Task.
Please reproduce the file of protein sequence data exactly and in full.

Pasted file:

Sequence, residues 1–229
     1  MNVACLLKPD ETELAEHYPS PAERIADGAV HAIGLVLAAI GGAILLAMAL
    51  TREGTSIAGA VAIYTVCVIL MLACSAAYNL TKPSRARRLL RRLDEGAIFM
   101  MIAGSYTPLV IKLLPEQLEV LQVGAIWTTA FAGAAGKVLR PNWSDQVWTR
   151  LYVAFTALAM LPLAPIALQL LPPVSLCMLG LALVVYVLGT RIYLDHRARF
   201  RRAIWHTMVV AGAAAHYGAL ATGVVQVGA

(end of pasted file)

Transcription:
Sequence, residues 1–229
     1  MNVACLLKPD ETELAEHYPS PAERIADGAV HAIGLVLAAI GGAILLAMAL
    51  TREGTSIAGA VAIYTVCVIL MLACSAAYNL TKPSRARRLL RRLDEGAIFM
   101  MIAGSYTPLV IKLLPEQLEV LQVGAIWTTA FAGAAGKVLR PNWSDQVWTR
   151  LYVAFTALAM LPLAPIALQL LPPVSLCMLG LALVVYVLGT RIYLDHRARF
   201  RRAIWHTMVV AGAAAHYGAL ATGVVQVGA